Same thing with regular expressions—I knew about them but I had never gotten around to learning them. Combined with Vim’s composability, regular expressions gives you super powers.
The other thing about Vim I've always appreciated—it's been around so long, articles and videos from 10 years ago are still relevant today.
For example, back in the day, I used to watch Derek Wyatt’s Vim tutorials.
Rewatching some of them today encouraged me to learn macros and regular expressions. When I recently watched this one (https://vimeo.com/15443936), where he extracts plain text out of a messy looking XML file using regular expressions, I was like I want some of that.
Any software made for people who take their tasks seriously—GUI or command line—is going to have a learning curve—I think it's exaggerated for Vim. But the payoff is well worth it.
I just installed Big Sur on my Mac. Everything went smoothly for me, but not everyone was so lucky. Even if I had other compatibility issues, Vim just works. As long as I have a terminal, Vim and web browser, I can be productive.
I can somewhat understand "don't have to touch the mouse" as that's a personal preference for them (even though IDEs have key binds too, I think they blow up that argument way too much) but on anything else they are suspiciously silent. Maybe I have just not met the right people to ask but that's my personal experience. Anyone I know using vim only does it because they either have been using it for 40 years or have been told to use it by someone from the first group and don't know anything else.
In my opinion, the real drag of conventional text editing is constantly having to move between the keyboard and mouse. That's a much more physically and mentally expensive mode switch than any editor mode switch. It always tends to hurt my focus on whatever I'm working on. Vim feels like I have all of the movement types in muscle memory, and it just seems to happen automatically.
I know all editors have keyboard shortcuts. I think they're all much more awkward and inefficient than Vim though. Too many steps and too much thought for "how do I move the cursor over there without using the mouse". When it gets beyond the basics, the keyboard shortcuts either don't exist at all, or vary widely between editors. How do I split a view into 2 sections and switch between them with only the keyboard in VS Code? Beats me. Oh it may be possible, but if so, it's probably different in IDEA, Eclipse, full VS, Sublime Text, etc. Vim is always Vim.
I also find most of the IDE features for live error checking and auto-complete to be more distracting than helpful, at least for dynamic languages. It's subtly annoying and harmful to my focus for my editor to be constantly trying to tell me about the "syntax errors" in code I'm not finished writing yet, or to constantly pop up completely wrong autocomplete suggestions. I prefer to run these checks or unit tests explicitly on command, when I'm ready for it.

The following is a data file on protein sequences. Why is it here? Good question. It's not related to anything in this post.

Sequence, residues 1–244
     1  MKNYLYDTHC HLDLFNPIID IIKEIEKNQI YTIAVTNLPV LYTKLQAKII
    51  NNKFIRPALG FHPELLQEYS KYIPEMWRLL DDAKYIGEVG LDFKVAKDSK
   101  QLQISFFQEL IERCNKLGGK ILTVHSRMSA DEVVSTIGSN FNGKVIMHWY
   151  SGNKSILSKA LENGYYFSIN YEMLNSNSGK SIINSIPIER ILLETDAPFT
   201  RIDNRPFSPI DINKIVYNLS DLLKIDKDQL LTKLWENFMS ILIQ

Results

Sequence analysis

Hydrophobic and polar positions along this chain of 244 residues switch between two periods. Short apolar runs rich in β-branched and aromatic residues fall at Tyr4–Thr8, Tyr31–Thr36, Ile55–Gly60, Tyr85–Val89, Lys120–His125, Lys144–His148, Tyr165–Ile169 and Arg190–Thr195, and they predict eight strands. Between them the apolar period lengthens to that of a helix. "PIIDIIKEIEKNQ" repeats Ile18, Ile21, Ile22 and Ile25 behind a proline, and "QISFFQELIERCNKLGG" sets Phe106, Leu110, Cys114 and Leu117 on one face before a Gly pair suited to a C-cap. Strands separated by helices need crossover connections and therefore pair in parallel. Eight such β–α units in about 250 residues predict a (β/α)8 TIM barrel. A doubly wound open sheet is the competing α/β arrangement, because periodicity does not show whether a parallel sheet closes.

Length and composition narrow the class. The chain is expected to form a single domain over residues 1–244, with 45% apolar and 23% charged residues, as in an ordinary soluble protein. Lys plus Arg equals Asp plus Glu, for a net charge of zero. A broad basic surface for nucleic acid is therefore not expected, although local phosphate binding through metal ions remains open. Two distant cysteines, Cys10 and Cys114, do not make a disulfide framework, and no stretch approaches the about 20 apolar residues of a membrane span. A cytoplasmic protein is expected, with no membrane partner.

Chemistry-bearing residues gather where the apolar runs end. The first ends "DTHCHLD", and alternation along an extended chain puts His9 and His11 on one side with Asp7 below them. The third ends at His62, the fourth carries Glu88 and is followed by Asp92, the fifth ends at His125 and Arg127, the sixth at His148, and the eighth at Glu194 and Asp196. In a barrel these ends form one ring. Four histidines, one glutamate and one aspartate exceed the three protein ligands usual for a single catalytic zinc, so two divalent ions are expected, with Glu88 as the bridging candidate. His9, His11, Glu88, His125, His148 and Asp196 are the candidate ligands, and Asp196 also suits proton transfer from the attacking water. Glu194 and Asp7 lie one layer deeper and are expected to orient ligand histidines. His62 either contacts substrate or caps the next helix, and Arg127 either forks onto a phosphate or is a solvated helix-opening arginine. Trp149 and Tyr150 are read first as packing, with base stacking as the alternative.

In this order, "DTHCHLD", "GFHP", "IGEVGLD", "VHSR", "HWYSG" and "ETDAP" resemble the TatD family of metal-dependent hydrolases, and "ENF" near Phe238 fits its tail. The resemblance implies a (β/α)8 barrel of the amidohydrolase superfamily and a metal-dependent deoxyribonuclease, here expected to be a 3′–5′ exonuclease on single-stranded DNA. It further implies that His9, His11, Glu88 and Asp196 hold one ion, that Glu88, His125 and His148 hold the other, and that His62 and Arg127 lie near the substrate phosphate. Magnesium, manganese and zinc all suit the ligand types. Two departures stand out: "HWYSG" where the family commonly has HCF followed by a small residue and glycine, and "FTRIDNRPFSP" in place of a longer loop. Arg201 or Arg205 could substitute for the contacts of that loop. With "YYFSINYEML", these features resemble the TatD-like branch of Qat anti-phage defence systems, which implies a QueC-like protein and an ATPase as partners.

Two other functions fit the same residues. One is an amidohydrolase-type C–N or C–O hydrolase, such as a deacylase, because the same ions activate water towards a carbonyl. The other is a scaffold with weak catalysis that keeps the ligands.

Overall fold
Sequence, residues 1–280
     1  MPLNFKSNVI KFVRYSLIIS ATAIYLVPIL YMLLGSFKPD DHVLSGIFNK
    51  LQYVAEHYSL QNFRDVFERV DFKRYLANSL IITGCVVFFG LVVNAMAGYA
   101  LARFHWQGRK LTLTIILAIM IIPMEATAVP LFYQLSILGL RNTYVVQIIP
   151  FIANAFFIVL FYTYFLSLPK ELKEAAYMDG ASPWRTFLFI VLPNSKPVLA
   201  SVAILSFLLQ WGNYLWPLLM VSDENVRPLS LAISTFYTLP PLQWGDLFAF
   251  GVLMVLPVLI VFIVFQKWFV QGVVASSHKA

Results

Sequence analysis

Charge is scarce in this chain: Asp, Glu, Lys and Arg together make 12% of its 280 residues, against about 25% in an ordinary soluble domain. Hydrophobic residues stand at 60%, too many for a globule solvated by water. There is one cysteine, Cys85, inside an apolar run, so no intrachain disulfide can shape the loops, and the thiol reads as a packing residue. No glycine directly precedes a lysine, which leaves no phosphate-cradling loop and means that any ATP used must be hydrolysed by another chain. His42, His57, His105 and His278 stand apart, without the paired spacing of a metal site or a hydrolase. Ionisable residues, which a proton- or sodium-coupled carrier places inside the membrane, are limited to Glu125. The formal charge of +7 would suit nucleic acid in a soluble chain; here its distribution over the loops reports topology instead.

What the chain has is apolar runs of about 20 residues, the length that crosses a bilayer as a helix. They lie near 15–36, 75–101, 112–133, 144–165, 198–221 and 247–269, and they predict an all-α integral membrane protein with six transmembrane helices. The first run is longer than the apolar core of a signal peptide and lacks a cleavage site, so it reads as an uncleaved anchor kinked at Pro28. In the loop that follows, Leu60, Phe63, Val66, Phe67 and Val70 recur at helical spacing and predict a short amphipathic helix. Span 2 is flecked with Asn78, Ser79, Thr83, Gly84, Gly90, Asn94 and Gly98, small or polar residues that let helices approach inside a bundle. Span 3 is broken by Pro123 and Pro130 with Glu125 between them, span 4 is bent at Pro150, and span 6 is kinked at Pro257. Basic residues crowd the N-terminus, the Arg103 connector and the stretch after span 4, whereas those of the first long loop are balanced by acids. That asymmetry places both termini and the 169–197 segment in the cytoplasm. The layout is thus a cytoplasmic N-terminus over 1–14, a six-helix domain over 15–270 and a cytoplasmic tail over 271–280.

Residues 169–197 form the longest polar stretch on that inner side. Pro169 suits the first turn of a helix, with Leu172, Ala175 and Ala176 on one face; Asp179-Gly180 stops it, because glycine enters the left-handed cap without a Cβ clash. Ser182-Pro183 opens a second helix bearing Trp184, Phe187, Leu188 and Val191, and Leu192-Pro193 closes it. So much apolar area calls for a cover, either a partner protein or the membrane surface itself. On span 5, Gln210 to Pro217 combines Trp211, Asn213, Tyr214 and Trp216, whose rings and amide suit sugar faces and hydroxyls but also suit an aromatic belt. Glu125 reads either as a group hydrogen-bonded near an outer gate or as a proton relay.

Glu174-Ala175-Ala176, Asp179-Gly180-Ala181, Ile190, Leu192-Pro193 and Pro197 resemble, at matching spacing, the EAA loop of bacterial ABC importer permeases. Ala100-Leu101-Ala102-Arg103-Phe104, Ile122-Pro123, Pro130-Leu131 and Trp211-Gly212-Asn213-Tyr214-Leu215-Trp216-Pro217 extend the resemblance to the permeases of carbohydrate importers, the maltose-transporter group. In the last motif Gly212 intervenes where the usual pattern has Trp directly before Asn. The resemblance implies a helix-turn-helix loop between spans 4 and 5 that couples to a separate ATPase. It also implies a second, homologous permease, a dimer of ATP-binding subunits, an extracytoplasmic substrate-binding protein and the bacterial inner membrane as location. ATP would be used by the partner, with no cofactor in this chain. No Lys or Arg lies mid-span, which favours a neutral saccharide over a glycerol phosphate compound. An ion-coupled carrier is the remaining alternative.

The real instigating factor was severe RSI. Three and a half years ago, it hurt even to brush my teeth. The damage was primarily from using trackpads, mice and worst of all mobile phones, but it was much to late to just use a keyboard.
I had to take a complete break and then limit myself to a couple hours a day and only on a fully ergonomic mechanical keyboard. The difference in using VIM and staying mostly on the home rows vs constantly hitting chords with modifier keys to do everything on other editors was massive. I could work almost twice as long before feeling pain!
At the time I could get around VIM but hadn't ever customized my .vimrc or really made a concerted effort to study it. I just knew the standard navigation with hjkl, insert, append, copy, yank, delete, lines, words and find. And yet it was still reasonably productive.
Once I learned about change/delete/yank in word/tag/line/etc, it was already better than using VS Code in normal mode. Making shortcuts in my .vimrc made it even better. In a sense it's like snippets at a meta level that apply to your work flow.
Nobody pushed me to use VIM and I like it quite a bit, despite having had a lot more experience with non-modal editors. I'll use VS Code, etc, but I when I do, I use VIM mode in them unless I'm recording a screencast where I don't think that would be a good idea. So far, the only major editor I've encountered that fails to support VIM mode is Xcode.
Sites that require a lot of clicking are still painful, though.
So as from my point of view of would highlight the following reasons:
- Keyboard, for even a bad typer like myself the vim keys and chords are very efficient.